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Health Information on the Net: Bane or Boon?

Written by : Dr. Ganapathy

July 3, 2024

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In my previous communication, I emphasized on the necessity of ensuring health literacy, to help improve the knowledge empowerment of patients. The importance of prevention in healthcare no doubt is being highlighted. However, it is still not accepted that ensuring health literacy is a precursor to ensuring prevention.

India has made astronomical strides in promoting digital literacy. It is amazing to see women in villages, in their seventies nonchalantly displaying a QR code, when selling flowers for INR 10 and even helping a digitally challenged customer! A similar awareness needs to be created for eHealth literacy. The internet no doubt is the answer. Universally available, in multiple languages, this single, easy-to-access, largest source of health information can help a super specialty system in a national medical institute or a local language-speaking, octogenarian in rural India.

However, the internet is a double-edged weapon. Good and evil are two sides of the same coin. Like most approaches in life, a judicious enthusiasm needs to be displayed. The tables given below elaborate on the advantages, limitations, and precautions to be taken when surfing the internet for health information.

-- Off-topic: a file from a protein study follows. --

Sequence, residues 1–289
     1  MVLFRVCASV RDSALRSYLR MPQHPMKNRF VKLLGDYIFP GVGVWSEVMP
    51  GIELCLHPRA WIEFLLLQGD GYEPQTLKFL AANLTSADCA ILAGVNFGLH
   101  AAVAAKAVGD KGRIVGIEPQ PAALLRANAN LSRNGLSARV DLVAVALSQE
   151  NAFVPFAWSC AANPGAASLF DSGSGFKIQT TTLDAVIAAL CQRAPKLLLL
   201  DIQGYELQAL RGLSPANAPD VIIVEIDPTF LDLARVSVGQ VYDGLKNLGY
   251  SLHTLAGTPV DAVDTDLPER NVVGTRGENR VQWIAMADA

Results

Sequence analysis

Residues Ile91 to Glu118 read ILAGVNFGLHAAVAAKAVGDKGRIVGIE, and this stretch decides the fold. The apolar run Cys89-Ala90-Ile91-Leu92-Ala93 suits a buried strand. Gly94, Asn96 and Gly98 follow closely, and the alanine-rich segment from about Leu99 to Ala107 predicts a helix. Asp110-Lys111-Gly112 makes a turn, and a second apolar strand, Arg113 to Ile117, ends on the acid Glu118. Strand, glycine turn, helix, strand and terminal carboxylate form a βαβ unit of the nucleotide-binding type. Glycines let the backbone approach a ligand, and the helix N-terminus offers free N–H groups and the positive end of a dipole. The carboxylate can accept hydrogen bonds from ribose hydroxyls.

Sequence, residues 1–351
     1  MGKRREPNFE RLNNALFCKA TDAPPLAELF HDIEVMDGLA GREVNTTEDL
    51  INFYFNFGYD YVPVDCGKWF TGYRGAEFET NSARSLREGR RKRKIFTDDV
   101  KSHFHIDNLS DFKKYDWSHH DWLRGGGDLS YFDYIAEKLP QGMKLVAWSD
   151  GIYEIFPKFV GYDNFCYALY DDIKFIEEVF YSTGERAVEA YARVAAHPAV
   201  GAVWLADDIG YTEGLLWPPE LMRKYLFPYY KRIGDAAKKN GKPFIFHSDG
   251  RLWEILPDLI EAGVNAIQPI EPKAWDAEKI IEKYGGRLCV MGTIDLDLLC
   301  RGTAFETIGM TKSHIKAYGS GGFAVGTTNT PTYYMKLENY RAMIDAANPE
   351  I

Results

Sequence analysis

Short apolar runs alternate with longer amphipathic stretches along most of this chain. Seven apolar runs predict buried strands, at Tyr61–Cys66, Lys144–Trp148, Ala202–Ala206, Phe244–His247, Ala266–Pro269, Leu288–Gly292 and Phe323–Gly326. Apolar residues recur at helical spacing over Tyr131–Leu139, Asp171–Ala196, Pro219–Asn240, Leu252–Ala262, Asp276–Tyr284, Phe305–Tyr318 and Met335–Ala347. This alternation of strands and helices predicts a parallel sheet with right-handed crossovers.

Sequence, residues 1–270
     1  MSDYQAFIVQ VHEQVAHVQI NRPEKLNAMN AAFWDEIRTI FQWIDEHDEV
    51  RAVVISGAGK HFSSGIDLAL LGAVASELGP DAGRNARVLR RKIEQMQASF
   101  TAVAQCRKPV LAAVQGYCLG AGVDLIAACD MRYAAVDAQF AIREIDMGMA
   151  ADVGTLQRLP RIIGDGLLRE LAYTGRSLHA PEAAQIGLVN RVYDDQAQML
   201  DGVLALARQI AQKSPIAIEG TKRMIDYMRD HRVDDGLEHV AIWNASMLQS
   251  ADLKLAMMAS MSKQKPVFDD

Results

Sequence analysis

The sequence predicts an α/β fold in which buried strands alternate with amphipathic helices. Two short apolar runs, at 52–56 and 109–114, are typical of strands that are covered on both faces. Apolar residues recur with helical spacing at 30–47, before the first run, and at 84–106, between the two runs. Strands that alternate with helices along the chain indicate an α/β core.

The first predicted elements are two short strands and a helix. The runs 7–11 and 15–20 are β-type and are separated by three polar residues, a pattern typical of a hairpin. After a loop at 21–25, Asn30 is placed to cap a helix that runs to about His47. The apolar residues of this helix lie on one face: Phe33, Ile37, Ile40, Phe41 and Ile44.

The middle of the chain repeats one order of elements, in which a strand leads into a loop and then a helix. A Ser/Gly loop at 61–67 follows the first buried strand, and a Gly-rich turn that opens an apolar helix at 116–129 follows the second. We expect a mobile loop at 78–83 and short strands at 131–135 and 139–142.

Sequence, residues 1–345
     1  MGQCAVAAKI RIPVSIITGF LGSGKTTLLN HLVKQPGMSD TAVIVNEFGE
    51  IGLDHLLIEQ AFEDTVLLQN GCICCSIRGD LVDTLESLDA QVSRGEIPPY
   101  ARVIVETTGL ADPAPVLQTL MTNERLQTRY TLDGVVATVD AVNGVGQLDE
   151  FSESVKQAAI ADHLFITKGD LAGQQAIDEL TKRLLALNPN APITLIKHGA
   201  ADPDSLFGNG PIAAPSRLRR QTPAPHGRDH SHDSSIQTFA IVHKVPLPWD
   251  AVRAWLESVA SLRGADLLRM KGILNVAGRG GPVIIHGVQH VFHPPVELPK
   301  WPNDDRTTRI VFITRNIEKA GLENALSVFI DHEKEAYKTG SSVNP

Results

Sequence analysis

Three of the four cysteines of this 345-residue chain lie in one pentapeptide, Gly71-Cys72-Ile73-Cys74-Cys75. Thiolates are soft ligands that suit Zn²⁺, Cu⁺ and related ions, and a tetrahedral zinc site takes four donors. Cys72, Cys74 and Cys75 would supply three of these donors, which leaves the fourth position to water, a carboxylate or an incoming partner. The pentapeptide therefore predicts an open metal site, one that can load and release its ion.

Dos & Don'ts of Accessing Health Information

Access to health information is not synonymous with understanding. The latter requires basic health literacy. A simple way of augmenting the efficacy of healthcare and improving outcomes is when both the healthcare provider and the beneficiary clear all their doubts by closely interacting with each other. Every query from a patient deserves a response.

Genuine ePatient Support Groups (preferably endorsed by the appropriate professional society) are usually reliable and are a valuable source of patient perspectives. This information could complement the clinician’s advice. Health information in social media (all avatars – Facebook, WhatsApp, YouTube, X, Instagram, LinkedIn, Reddit, Pinterest, TikTok, etc.) , if reliable, could increase the patient’s knowledge, competence, and decision-making skills.

Social media also provides an opportunity for patients to share information about personal health experiences and seek information from others. However, being very easy to upload and easy to remove, we should always remember the policy of "caveat emptor " - so let the buyer beware!

Mobile apps are diversified in the quality of health information provided. It is noted that 95% of cancer information mobile apps targeted at healthcare workers had scientifically valid information. In contrast, only 32% of cancer information apps for the general public had valid information. Health apps have not been subject to much regulation or oversight. The correct diagnosis by online symptom trackers can be as low as 34%. Many do not consider personal and family medical history.

Table I: Hallmarks of Reliable Health Information Sources on the Net

Table II: Hallmarks of Questionable Health Information Sources on the Net

Table III: Precautions to be Taken When Scouting for Health Information on the Net

Table IV: Limitations of the Web as a Source of Information


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